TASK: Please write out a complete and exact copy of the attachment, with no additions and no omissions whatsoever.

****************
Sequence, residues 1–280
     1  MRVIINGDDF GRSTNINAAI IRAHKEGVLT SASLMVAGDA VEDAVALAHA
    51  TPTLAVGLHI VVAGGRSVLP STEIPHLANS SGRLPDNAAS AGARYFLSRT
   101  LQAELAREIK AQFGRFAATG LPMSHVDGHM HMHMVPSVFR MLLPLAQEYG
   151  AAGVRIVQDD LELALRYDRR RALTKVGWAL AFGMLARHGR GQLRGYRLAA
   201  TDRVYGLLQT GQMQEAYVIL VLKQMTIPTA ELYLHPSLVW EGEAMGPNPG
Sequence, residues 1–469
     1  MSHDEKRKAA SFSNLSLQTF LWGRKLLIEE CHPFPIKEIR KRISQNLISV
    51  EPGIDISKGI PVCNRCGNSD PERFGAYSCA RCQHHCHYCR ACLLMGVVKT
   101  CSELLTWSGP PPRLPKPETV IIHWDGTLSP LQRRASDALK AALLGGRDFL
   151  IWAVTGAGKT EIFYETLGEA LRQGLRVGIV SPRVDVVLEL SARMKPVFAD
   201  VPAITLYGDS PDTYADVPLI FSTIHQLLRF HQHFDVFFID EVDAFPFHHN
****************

Sequence, residues 1–280
     1  MRVIINGDDF GRSTNINAAI IRAHKEGVLT SASLMVAGDA VEDAVALAHA
    51  TPTLAVGLHI VVAGGRSVLP STEIPHLANS SGRLPDNAAS AGARYFLSRT
   101  LQAELAREIK AQFGRFAATG LPMSHVDGHM HMHMVPSVFR MLLPLAQEYG
   151  AAGVRIVQDD LELALRYDRR RALTKVGWAL AFGMLARHGR GQLRGYRLAA
   201  TDRVYGLLQT GQMQEAYVIL VLKQMTIPTA ELYLHPSLVW EGEAMGPNPG
Sequence, residues 1–469
     1  MSHDEKRKAA SFSNLSLQTF LWGRKLLIEE CHPFPIKEIR KRISQNLISV
    51  EPGIDISKGI PVCNRCGNSD PERFGAYSCA RCQHHCHYCR ACLLMGVVKT
   101  CSELLTWSGP PPRLPKPETV IIHWDGTLSP LQRRASDALK AALLGGRDFL
   151  IWAVTGAGKT EIFYETLGEA LRQGLRVGIV SPRVDVVLEL SARMKPVFAD
   201  VPAITLYGDS PDTYADVPLI FSTIHQLLRF HQHFDVFFID EVDAFPFHHN